by Robert T. Walker, Aline Carrara, Cynthia Simmons, and Maira Irigaray (University of Florida)
Brazil’s divisive President Jair Bolsonaro has taken another step in his bold plans to develop the Amazon rainforest.
A bill he is sponsoring, now before Congress, would allow transportation infrastructure to be built on indigenous territory. Such lands cover 386,000 square miles of the Brazilian Amazon – one-fifth of the jungle. Here, Native people are constitutionally entitled to exercise sovereignty over resource use.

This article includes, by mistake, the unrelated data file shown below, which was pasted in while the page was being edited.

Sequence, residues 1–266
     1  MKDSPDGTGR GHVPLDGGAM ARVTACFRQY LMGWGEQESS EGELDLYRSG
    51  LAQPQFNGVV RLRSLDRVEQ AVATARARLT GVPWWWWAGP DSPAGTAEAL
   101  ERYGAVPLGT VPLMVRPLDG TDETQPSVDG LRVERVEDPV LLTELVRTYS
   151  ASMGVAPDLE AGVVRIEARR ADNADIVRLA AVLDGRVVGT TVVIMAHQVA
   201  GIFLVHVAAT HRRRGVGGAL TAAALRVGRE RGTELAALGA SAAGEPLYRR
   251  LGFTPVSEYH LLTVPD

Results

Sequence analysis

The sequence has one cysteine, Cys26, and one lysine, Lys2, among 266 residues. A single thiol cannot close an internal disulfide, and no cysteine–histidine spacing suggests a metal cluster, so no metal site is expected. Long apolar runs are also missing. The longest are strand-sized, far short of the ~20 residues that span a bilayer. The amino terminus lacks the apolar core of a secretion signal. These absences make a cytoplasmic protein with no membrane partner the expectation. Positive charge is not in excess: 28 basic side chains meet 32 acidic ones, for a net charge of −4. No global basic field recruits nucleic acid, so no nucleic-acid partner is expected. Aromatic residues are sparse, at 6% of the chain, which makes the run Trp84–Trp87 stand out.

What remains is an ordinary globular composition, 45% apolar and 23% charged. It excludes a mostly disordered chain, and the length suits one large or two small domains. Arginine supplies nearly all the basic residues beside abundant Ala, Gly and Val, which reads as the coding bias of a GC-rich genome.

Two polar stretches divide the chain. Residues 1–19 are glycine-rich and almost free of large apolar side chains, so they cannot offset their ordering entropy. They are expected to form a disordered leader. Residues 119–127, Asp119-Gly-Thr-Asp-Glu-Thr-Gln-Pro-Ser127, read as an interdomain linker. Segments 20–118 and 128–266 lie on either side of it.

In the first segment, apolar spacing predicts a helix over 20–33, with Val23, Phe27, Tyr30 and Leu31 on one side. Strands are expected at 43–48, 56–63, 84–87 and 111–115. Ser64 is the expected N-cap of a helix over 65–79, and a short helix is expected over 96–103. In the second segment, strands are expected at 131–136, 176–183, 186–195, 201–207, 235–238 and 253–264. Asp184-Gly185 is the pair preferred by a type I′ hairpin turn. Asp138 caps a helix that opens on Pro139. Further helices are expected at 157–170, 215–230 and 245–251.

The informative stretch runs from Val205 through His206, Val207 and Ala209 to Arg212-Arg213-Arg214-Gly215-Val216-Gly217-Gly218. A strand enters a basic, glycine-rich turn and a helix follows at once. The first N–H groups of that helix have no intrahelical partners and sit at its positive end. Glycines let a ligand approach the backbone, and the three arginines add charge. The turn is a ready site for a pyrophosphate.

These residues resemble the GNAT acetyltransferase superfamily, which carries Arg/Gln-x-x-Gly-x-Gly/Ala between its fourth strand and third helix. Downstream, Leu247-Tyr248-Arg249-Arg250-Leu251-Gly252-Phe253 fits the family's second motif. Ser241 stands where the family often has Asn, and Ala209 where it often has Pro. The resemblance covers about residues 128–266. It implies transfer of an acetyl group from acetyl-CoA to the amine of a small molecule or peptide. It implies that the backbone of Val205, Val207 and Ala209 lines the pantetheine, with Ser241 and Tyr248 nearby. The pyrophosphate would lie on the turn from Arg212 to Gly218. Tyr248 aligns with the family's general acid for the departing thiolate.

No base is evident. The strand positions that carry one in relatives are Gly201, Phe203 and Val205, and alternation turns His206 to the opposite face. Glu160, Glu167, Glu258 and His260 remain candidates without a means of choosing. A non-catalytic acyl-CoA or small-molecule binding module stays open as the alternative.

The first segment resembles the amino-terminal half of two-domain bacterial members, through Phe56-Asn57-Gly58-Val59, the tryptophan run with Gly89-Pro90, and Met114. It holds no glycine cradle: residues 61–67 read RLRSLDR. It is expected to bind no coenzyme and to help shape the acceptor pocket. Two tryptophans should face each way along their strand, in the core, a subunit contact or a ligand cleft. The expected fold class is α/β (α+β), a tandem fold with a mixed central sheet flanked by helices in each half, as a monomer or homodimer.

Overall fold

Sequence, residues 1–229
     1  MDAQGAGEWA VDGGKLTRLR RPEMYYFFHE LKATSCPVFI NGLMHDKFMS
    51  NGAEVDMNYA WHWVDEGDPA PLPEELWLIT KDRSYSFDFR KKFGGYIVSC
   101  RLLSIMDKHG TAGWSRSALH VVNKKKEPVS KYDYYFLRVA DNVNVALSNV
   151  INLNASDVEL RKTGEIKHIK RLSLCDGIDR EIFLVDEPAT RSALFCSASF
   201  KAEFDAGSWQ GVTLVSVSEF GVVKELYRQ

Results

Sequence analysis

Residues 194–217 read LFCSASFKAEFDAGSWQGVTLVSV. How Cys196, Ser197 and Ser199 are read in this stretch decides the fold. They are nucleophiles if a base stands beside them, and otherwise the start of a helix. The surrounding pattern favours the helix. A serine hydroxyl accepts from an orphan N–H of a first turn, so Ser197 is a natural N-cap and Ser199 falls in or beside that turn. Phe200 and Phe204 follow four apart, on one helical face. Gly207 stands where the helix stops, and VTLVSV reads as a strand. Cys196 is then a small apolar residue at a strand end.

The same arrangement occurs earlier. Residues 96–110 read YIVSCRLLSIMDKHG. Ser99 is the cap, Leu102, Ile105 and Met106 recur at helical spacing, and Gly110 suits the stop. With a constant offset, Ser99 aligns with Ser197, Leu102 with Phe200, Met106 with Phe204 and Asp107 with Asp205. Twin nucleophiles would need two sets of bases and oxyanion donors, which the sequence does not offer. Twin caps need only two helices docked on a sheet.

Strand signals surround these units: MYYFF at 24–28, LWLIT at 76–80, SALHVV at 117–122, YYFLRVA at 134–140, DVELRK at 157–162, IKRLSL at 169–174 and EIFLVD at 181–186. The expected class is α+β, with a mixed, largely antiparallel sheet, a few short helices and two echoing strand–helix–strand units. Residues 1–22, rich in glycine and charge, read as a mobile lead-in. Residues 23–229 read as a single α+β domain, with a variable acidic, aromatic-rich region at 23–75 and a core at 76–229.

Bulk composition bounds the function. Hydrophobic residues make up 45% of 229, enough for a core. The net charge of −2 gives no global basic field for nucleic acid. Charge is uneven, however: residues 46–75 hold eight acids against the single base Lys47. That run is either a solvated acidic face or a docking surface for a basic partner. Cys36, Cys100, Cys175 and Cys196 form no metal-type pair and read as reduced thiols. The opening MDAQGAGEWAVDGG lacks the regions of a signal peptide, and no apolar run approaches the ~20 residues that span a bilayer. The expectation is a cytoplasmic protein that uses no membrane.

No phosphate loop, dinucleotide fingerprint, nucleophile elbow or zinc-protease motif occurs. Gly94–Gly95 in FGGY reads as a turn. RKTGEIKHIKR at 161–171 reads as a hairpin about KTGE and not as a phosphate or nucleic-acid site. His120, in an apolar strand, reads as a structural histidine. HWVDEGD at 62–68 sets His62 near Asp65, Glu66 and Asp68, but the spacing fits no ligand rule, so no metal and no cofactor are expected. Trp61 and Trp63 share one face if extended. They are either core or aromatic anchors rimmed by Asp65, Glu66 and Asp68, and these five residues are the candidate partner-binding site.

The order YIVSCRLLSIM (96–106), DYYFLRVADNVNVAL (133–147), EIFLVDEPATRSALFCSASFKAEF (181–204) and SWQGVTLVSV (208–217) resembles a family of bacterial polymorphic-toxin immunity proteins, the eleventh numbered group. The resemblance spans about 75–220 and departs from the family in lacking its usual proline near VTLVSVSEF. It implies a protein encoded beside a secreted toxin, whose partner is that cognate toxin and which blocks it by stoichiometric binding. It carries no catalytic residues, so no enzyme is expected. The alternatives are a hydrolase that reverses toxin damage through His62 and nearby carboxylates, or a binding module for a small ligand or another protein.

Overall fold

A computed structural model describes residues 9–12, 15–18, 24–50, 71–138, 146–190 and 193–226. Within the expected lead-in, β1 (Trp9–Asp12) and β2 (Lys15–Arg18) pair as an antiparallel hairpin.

The right-wing Bolsonaro administration says “opening” the Amazon will boost its economy. But environmentalists, indigenous leaders and other concerned Brazilians say that the move will promote mining, logging and other damaging activities.
As evidence, they cite Bolsonaro’s appointment of a Brazilian general who last year served on the board of the Canadian mining giant Belo Sun to lead Brazil’s federal agency for indigenous peoples.
Our research on social movements in the Amazon takes us to areas affected by infrastructure development. There, we have witnessed the disheartening aftermath for Native people and met the indigenous leaders fighting to save their homelands.[read the full article at: https://theconversation.com/indigenous-people-may-be-the-amazons-last-hope-130941]